Small parts, big laughs


When Stephen Merchant and Ricky Gervais began formulating the idea for their follow-up to the BBC’s international smash The Office (currently being re-imagined quite smartly by Steve Carell and company on NBC), the temptation to go with something bigger and more populist must have been tantalizing.

It’s a relief to discover that they have instead pared down the comedy ensemble of The Office to the near-plotless, violently hilarious character piece Extras, which aired stateside on HBO. Extras is to The Office what Curb Your Enthusiasm was to Seinfeld—a smaller but sharper variation on the same theme.

Gervais stars as aspiring actor Andy Millman, a socially maladroit “bloater” scraping by as a film extra while trying to grovel his way into a small speaking part. The utterly charming Ashley Jensen plays his fellow extra and only friend Maggie, who attempts to sleep with nearly every man who wanders on a given set. Andy and Maggie are oddly likable tits who can’t help offending everyone around them; the show has a great time making a mockery of British civility.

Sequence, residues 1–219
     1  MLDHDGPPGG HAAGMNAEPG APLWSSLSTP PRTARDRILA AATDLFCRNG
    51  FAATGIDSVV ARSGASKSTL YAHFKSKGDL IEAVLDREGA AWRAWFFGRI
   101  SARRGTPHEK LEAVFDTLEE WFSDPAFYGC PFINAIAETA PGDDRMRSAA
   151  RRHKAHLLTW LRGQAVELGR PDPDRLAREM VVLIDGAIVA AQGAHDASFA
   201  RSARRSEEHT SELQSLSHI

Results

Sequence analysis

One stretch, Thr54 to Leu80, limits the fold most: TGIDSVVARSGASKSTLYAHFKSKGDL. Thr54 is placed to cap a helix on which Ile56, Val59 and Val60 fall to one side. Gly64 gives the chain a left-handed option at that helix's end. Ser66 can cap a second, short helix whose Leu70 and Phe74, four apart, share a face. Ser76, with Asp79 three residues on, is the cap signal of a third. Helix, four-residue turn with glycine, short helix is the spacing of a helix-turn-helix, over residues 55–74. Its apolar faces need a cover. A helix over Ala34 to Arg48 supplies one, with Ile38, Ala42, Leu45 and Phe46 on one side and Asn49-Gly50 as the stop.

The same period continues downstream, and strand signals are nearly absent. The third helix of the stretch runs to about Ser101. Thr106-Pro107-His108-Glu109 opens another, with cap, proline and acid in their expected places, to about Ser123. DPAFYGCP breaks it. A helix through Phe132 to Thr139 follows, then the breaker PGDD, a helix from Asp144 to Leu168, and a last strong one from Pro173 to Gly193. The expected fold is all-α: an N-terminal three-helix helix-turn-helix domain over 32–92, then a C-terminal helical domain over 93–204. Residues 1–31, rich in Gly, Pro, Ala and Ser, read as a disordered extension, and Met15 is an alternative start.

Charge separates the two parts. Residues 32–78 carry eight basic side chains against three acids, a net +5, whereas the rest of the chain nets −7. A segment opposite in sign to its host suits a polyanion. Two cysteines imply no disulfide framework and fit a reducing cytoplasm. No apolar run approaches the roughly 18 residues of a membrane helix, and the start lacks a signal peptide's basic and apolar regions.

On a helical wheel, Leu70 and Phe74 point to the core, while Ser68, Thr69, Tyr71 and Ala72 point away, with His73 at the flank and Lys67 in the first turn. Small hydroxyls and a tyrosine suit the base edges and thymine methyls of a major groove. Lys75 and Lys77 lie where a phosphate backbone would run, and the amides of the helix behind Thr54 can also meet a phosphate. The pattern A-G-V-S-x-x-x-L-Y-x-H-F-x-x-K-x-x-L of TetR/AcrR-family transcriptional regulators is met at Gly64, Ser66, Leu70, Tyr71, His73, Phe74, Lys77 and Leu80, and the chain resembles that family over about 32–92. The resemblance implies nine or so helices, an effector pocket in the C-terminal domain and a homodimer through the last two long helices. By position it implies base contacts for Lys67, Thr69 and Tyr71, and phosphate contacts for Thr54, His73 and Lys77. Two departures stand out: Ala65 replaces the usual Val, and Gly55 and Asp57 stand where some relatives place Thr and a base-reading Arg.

Non-fans of The Office won’t find much to like: Gervais’ humor is even more droll and cruelly awkward, the British accents even thicker, and the gags on English pop culture even more obscure. Expect arcane references to comedian Ronnie Corbett, the U.K. pharmacy chain Boots, and gay writer/raconteur Quentin Crisp—as well as extended face time for ex-game show host Les Dennis and “hard man” Ross Kemp from the BBC soap EastEnders.

But Extras does have a bigger and more populist twist: the film-set concept allows for one self-lacerating celebrity cameo per week. Kate Winslet, Samuel L. Jackson and Ben Stiller—directing a film about Bosnian refugees but hilariously unable to keep his Hollywood ego in check—are among the first-season stars.